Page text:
4 College Junior

Scholarships: Honestly, I had minimal problems. I got financial aid, I didn't have any problems with my paperwork, and I was able to get a work-study job as a graduate student. However, the one issue I have is that loans are disbursed VERY shortly before school starts, sometimes 3 days before classes begin, which makes it very difficult for students who don't have a lot of resources to get things in order in a timely fashion. I often find myself scrambling to get books and payments in before classes start. Other than that, I haven't had any issues.

4 College Freshman

Diversity: There is a very large population of Asians here - primarily Chinese and Koreans. I've also met a pretty good number of people from other foreign and non-Asian countries as well though (generally from the continent of Africa).

4 people found this useful Report
3 College Sophomore

Weather: If you're accustomed to Illinois winters, it's really not so bad. The temperature is pleasant into late October and nice again around March. It's somewhat warmer than what I'm used to in Chicago so that's a plus! There is snow but not tons, classes are rarely cancelled. It can definitely get icy and rainy during the winter so come prepared!

8 people found this useful Report
4 College Sophomore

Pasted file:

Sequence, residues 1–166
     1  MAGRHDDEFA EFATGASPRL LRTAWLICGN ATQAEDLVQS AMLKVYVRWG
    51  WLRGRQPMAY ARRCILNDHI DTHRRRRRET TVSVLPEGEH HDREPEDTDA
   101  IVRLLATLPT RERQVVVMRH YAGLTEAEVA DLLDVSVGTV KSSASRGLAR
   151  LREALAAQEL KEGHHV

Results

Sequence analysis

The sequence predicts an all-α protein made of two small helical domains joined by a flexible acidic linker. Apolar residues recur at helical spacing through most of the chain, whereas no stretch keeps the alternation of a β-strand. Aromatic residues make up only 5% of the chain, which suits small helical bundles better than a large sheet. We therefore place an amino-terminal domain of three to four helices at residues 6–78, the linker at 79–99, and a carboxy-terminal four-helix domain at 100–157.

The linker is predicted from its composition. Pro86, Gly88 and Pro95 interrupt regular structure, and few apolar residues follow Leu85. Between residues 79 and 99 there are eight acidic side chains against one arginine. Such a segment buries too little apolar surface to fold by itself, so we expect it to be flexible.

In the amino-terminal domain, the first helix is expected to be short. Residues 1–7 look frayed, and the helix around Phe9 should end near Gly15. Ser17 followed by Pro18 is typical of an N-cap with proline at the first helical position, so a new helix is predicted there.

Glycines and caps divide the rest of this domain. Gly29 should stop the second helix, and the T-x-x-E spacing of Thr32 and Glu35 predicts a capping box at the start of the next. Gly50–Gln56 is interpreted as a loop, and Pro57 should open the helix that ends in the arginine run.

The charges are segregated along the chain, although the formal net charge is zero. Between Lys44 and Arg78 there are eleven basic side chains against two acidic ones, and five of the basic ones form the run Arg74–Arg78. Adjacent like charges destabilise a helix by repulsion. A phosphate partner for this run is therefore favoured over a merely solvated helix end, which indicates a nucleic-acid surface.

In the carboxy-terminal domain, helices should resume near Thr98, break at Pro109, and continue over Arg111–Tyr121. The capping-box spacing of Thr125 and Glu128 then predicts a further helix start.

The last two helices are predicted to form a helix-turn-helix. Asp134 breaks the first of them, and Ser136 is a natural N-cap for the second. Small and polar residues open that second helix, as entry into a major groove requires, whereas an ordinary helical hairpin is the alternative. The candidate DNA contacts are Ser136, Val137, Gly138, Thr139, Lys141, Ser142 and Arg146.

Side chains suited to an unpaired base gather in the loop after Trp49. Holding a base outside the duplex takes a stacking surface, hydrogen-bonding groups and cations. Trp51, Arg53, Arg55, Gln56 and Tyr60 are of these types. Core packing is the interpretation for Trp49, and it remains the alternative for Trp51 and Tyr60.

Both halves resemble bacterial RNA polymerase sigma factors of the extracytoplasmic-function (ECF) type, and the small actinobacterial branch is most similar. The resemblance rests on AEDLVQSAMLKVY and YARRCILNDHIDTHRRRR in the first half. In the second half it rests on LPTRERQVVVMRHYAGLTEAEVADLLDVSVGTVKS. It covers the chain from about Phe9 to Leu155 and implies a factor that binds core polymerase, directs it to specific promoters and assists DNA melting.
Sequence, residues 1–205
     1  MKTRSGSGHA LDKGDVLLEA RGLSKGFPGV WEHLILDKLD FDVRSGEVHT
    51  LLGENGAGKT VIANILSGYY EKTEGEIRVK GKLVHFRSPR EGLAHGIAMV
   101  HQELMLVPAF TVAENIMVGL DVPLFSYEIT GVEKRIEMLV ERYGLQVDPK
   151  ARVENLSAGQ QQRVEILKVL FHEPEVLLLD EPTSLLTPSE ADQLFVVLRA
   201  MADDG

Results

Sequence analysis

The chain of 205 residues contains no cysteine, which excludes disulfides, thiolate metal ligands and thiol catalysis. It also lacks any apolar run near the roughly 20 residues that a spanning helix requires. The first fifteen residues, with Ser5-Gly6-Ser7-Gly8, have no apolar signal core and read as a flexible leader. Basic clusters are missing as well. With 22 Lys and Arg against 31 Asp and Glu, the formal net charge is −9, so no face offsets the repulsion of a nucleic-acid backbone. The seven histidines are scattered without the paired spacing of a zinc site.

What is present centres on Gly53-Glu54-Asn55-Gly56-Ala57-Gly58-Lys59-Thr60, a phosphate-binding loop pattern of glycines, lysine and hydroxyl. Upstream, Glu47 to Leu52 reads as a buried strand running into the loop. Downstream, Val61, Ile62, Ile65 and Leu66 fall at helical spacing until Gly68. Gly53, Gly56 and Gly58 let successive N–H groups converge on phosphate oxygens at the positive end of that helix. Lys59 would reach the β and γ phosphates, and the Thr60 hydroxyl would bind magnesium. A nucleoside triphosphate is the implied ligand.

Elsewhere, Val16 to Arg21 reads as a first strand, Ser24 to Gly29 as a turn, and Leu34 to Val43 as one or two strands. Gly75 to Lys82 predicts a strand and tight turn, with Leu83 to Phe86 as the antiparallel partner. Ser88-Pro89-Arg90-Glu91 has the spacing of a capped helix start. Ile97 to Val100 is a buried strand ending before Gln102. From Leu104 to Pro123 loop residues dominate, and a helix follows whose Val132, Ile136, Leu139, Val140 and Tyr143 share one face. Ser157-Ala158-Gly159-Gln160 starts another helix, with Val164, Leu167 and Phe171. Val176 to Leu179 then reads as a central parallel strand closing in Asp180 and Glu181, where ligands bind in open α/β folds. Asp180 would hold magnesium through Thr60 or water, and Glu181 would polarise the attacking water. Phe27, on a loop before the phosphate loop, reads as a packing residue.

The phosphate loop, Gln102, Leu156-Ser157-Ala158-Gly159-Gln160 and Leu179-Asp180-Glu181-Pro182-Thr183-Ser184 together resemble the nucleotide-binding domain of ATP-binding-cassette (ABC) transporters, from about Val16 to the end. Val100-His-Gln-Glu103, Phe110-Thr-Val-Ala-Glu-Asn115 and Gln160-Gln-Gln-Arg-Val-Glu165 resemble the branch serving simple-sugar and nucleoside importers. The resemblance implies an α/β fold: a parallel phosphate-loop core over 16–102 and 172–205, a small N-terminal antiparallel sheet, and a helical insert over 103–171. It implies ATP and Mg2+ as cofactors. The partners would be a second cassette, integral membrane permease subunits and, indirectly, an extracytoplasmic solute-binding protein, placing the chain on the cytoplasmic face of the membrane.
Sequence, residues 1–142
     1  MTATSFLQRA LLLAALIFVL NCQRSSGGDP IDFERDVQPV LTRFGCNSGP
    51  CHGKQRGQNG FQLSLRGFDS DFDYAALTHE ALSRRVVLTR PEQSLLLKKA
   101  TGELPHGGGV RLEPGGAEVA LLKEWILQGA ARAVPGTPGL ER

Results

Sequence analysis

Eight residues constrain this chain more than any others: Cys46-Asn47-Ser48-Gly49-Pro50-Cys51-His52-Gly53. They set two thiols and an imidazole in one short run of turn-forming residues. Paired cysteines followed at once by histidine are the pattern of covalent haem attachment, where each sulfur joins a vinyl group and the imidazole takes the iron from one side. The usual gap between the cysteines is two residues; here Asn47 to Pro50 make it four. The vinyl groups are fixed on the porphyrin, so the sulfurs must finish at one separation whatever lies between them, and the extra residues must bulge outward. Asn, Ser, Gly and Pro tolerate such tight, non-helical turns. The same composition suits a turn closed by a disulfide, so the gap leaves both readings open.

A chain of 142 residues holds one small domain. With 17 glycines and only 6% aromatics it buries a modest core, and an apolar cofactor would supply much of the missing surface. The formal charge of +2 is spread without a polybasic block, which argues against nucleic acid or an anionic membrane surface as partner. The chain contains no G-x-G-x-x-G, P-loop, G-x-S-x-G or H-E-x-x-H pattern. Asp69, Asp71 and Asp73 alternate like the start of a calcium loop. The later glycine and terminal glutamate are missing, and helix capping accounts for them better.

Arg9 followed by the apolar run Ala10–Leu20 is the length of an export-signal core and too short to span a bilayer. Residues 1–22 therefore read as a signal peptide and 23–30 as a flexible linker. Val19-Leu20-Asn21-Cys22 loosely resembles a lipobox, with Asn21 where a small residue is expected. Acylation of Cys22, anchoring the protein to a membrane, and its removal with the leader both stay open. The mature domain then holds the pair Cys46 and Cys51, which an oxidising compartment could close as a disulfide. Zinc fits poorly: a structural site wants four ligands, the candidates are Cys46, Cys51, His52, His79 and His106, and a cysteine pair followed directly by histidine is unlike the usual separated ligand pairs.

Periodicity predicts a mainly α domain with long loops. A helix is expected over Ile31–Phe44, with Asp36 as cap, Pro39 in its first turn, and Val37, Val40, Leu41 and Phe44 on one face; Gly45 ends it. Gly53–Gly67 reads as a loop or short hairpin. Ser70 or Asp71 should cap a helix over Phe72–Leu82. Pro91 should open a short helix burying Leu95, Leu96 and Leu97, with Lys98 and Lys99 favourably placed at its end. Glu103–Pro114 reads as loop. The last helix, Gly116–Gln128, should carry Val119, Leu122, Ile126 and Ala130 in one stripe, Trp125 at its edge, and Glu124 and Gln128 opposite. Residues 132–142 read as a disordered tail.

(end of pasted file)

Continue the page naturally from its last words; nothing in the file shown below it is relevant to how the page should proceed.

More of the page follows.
Off-Campus Dining: The restaurants are fairly diverse and give you the opportunity to branch out in your tastes. In downtown Champaign some excellent ones are Kofusion (sushi), Radio Maria (tapas bar), and Tequila (Mexican food and tequila bar) among others. The food in Campus town is also delicious! Papa Del's pizza is a must try and a U of I staple! There are of course many restaurants like Chipotle, Panera, Noodles and Co, Subway, Jimmy Johns and others like that if you don't feel like trying something new!

3 people found this useful Report
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Overall ExperienceWhat's This?

Emily Thiersch
Hometown
Wilmette, Ill.
View all previous student authors

One might expect some tentative and even negative opinions about any school, but this is truly not the case here at U of I. Students are proud of U of I’s history, proud of is academic accomplishments, proud of the social opportunities it offers, and, most of all, they are proud to be alumni. For so many students to view their choice to come here as an unequivocally good one is a fantastic testament to the University’s strength.

Of course students here have plenty to complain about—the weather, the parking, the Greek social scene, the rural location. But all things considered, the positive points of the U of I experience tipped the scale—the University’s academic excellency, the safety, the social atmosphere, the athletic tradition, the city’s excellent transportation system. Some students admitted that they had a hard time adjusting, that they occasionally wished they had made another decision—but in the end, they were all happy to be here. The most encouraging fact was that so many people mentioned that they were leaving as better people, more knowledgeable, eclectic, and better equipped to navigate through life. University of Illinois students do not just leave with a piece of paper in their hands, they leave with a wealth of experience that is not easily rivaled—and, for in-staters, without enormous debt burdens to face when they graduate.